Industries from far and near dump untreated toxic effluents near Ulhasnagar, choking a river and sickening people
Where river runs black
It was a RUDE reminder of the Bhopal gas tragedy. In the early hours of November 29, residents of Vadol village near Maharashtra’s Ambernath industrial area woke up to a strong stench. More than 300 people living around a nullah started throwing up, felt dizzy and complained of uneasiness, breathing difficulties and headache. Some had to be immediately rushed to the Central Hospital in nearby Ulhasnagar city, while many others were evacuated from the area. The stench was coming from the nullah, which joins a tributary of the Ulhasriver. A tanker had dumped untreated industrial effluents into the nullah the previous night.
The incident made it to national news and prompted the state secretariat to call a closed-door meeting on December 1. Officials present at the meeting did admit that such incidences are becoming frequent in all the three industrial areas—Ambernath, Dombivli and Badlapur—along the Ulhaas and its tributaries. But there was no consensus between the police and the pollution control officials on who should guard against such happenings. Following the meeting, Medha Gadgil, principal secretary (environment) of the state, told the media that the government plans to track and document all tankers passing through the state. This gives credence to an old allegation that industries in Gujarat, particularly in Vapi, send effluents to be dumped in Maharashtra. People living in and around the industrial areas have, however, little hope from the Maharashtra government.
The three industrial areas, set up by the Maharashtra Industrial Development Corporation (MIDC), are home to some 1,200 industries; most of them are highly polluting chemical and textile units. “People in and around these areas, young or old, regularly suffer from throat and eye irritation, various infections, fever and headache. It has become a way of life for us,” says Rashmi Yeole, president of MIDCNiwasi Mahasangha, a residents’ welfare association.
For the past two decades, the association has been requesting Maharashtra Pollution Control Board (MPCB) to contain leakages from pipes that pass through their colonies carrying industrial effluents and to prevent industries from dumping waste in the river and its tributaries. “But our repeated pleas have fallen on deaf ears,” says Rajeev Nalawade, a retired MIDC worker who lives in Dombivli industrial area.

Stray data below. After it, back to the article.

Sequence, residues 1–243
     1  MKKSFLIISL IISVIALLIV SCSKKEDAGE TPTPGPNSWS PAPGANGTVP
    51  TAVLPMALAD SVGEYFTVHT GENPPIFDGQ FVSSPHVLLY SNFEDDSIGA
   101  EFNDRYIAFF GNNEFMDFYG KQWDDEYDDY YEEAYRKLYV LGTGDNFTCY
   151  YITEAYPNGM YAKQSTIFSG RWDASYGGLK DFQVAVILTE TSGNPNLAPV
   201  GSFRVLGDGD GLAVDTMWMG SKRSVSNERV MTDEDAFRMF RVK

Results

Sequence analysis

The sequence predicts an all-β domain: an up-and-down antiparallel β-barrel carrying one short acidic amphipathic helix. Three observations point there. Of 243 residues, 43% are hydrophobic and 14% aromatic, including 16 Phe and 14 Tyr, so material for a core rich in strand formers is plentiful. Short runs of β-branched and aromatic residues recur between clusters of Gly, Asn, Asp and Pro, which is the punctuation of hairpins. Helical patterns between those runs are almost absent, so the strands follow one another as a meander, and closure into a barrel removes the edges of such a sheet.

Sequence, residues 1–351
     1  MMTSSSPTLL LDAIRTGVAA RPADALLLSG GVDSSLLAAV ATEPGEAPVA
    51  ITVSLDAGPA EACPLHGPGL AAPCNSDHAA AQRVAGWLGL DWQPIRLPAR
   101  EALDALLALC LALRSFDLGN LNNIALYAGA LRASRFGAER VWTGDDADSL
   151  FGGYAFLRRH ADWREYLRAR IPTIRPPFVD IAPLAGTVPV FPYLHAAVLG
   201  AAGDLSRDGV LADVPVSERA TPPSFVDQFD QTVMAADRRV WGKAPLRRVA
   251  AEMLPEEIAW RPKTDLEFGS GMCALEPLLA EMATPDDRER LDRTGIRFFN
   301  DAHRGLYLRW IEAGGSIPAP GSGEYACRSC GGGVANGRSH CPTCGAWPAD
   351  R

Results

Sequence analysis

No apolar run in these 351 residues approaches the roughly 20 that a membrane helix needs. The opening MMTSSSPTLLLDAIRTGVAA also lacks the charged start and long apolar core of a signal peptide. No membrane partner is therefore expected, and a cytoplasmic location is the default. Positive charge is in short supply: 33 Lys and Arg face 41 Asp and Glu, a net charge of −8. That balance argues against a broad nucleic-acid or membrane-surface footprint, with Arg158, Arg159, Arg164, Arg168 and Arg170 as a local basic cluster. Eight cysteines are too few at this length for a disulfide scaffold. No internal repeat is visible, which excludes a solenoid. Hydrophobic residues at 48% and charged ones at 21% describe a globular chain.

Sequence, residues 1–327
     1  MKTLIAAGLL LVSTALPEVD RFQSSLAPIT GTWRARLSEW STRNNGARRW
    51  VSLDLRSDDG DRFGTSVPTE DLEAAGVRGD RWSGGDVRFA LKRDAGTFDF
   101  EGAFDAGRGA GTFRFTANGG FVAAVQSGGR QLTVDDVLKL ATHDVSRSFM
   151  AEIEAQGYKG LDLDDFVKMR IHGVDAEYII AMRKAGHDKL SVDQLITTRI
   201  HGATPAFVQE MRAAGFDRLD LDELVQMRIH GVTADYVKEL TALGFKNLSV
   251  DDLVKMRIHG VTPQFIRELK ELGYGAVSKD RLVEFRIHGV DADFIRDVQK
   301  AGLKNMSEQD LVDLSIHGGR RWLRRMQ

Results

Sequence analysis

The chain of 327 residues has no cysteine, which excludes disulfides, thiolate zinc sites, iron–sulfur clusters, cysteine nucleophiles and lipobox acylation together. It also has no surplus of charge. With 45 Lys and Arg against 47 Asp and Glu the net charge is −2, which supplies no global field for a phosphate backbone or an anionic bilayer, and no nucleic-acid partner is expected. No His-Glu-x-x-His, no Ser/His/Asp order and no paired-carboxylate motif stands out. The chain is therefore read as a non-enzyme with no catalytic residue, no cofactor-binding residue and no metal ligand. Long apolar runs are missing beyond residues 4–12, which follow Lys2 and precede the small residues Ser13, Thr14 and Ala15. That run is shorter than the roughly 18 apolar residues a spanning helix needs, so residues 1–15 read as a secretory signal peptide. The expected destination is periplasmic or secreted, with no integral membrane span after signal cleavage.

Tony Sirwani, a corporator from the area, told the media that almost every day at late night residents would get the strong stench, which alerts them of tankers dumping industrial effluents in nearby areas. Lately, they have formed groups to guard the area. One such group, according to Sirwani, has identified a spot in Vadol, where the tanker mafia have installed a pipe to directly release industrial effluents into the river. A couple of days prior to the incident in which 300 people fell ill, another group of residents apprehended a tanker as it was dumping effluents. But the police allegedly asked them not to detain or film the tanker. Though deputy commissioner of police VasantJadhav denies such media reports, a local tabloid published the images of the tanker.
MPCB shuts eyes
Both residents of the industrial estates and social organisations blame MPCB for the highly polluted state of the Ulhas. A study published in International Letters of Chemistry Physics and Astronomy early this year states that textile and dying industries are polluting the Ulhas in a serious way. Researcher P U Shingare of Chemistry Department of Bhavan’s College in Mumbai, has found disturbingly high levels of heavy metals, cyanide, phosphate, and very low dissolved oxygen in the river.